Now I’ve got a feeling that this post could get me into hot water, primarily because I openly admit I’m probably weird. I suspect I have a condition, along the lines of Aspergers, that hasn’t been discovered yet. My condition leads my thinking to be quite often at odds with the thinking of others. You see, the thought of having children has never even crossed my mind, I can’t say being childless is a conscious decision because I’ve never thought about it. Obviously it’s a bit of a mute point now, given that I’m probably clinging on to one mutant egg that is if there’s any left at all.
I hear lots of women my age mourning the loss of their fertility. In fact, one of the most disturbing incidents of my life came when, as a young, fresh faced, newly qualified teacher, I was invited to a middle-aged colleague’s party. She was as mad as a box of frogs, in those glorious days when teachers could be barking mad eccentrics rather than glorified paper shufflers. Anyway, the party turned out to be a sort of swansong to functioning ovaries. I have a vague memory of a vast tureen of bubbling soup, which I avoided like the plague. Stories of people eating placentas and the like had already deeply scarred my innocent psyche.
As I have already stated, on this issue and indeed many more, I am weird. And the reason I know I’m weird is thus, I have read enough women’s magazines to know that a major bugbear for childless women is that they are constantly being asked when they are going to start a family or indeed why not. Now, I can honestly state that not one person has ever asked me that question and, while we’re on the subject, the same goes for singledom. Most singletons complain about the fact that they are relentlessly asked when they are going to settle down, or whatever the euphemism is these days for getting a boyfriend. But not me! I can only assume that the answer is patently obvious – I am too, whatever my Aspergers type condition will be called once it’s been discovered, to be in the market for a significant other or child rearing.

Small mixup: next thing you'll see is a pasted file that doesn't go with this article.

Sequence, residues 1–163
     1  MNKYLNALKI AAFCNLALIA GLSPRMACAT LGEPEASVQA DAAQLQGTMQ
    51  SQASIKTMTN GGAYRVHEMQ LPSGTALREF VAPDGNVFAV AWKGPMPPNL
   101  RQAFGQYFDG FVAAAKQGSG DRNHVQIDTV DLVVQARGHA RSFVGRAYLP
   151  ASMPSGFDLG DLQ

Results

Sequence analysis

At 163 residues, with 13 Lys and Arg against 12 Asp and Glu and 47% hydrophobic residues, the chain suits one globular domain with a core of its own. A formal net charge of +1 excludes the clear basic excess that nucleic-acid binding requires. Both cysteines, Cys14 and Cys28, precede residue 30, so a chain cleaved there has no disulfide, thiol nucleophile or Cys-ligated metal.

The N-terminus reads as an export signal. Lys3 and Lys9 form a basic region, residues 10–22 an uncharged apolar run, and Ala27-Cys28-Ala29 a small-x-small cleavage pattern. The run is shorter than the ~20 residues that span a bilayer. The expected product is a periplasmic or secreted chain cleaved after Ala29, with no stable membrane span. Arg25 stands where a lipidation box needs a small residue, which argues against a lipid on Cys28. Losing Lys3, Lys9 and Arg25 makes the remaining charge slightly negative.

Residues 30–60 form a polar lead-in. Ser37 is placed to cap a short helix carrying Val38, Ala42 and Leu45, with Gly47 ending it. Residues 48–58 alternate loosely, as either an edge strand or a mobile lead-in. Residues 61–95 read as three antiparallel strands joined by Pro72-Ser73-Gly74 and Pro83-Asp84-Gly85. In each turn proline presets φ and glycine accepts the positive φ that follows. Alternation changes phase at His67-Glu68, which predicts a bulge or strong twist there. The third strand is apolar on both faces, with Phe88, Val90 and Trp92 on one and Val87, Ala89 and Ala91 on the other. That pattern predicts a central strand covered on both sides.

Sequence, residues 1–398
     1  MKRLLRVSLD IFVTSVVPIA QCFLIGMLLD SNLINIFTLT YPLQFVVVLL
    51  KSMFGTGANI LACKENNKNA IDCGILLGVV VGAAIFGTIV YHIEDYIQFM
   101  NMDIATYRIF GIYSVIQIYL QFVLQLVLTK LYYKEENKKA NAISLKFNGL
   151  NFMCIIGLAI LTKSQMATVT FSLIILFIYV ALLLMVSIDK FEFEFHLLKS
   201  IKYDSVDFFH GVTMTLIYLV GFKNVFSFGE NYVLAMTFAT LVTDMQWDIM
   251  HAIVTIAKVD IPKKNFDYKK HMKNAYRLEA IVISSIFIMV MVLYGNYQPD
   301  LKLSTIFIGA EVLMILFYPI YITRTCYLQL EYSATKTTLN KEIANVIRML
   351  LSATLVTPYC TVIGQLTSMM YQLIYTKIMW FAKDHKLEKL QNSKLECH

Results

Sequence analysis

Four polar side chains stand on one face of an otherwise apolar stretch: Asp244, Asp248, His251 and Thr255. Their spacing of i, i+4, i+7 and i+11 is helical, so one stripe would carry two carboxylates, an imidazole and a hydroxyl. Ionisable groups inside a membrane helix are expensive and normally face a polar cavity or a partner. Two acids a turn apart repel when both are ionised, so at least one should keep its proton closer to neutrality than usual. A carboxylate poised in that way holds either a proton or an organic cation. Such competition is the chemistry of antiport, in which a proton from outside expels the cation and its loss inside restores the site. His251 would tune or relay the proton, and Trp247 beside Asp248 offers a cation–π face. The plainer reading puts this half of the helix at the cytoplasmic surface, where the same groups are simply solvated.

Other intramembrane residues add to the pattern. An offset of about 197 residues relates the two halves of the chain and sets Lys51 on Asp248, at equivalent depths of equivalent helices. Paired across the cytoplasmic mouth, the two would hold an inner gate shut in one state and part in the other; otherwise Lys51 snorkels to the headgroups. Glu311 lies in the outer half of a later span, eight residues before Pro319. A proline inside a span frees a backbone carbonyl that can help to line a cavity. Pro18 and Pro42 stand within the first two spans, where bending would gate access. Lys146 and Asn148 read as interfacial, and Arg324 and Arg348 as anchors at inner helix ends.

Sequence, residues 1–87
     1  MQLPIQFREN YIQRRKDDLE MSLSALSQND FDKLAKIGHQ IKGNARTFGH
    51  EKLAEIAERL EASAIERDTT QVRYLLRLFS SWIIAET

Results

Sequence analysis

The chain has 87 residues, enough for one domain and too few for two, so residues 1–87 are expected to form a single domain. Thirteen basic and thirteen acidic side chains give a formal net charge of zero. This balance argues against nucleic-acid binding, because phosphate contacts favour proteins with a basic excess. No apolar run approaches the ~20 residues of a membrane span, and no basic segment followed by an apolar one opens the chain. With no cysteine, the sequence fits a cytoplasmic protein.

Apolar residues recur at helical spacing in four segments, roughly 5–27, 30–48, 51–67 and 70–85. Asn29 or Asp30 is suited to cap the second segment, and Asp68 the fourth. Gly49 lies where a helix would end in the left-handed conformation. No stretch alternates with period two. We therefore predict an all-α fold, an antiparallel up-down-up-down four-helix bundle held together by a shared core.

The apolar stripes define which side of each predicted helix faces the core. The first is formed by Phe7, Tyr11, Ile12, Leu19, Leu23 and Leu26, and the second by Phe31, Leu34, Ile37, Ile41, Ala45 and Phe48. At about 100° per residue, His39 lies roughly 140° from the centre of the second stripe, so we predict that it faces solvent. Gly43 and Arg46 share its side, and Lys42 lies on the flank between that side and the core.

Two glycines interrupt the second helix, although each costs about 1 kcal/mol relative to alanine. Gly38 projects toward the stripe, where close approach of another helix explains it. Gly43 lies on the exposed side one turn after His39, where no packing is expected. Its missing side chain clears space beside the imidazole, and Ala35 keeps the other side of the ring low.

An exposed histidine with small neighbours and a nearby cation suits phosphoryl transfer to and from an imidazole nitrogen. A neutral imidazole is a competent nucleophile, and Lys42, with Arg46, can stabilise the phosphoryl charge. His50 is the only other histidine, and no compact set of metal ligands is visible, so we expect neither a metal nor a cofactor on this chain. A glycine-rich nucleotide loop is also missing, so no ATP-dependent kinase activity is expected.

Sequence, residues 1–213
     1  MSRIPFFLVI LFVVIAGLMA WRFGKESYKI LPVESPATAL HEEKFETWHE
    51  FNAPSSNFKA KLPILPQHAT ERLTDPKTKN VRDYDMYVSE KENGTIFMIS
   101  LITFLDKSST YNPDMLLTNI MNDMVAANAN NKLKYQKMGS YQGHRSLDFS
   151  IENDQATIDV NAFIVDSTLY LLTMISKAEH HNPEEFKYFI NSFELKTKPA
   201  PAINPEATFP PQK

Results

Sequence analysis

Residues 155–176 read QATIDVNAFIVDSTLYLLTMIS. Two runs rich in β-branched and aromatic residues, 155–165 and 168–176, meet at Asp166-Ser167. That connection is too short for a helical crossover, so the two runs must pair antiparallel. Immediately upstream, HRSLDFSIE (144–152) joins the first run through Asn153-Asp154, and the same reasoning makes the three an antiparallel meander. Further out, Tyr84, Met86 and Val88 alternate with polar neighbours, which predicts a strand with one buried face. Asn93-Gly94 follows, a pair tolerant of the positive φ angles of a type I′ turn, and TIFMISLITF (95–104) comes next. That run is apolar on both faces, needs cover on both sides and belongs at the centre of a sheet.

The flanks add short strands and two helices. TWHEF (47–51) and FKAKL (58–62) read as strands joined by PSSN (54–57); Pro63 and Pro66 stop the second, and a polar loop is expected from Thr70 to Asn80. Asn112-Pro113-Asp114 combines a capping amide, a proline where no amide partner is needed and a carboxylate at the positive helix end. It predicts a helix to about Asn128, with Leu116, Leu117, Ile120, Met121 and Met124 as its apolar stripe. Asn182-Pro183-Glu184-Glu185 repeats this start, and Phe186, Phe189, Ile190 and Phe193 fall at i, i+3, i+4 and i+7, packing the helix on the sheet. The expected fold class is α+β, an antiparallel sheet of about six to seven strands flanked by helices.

Anyway, I know I’m not the norm but that doesn’t stop me holding opinions on the subject of fertility and parenthood. I have several friends for instance, who have struggled with conceiving and who have gone down the IVF route. They have spent a fortune on medical interventions and endured untold mental and physical punishment which totally boggles my mind. For starters, obviously given my condition, I don’t get the drive to have a child at any cost necessary. On top of that I don’t understand why they don’t use the money to simply buy one, in the style of Madonna, Angelina Jolie and countless other celebrities or even just go down the more traditional adoption route.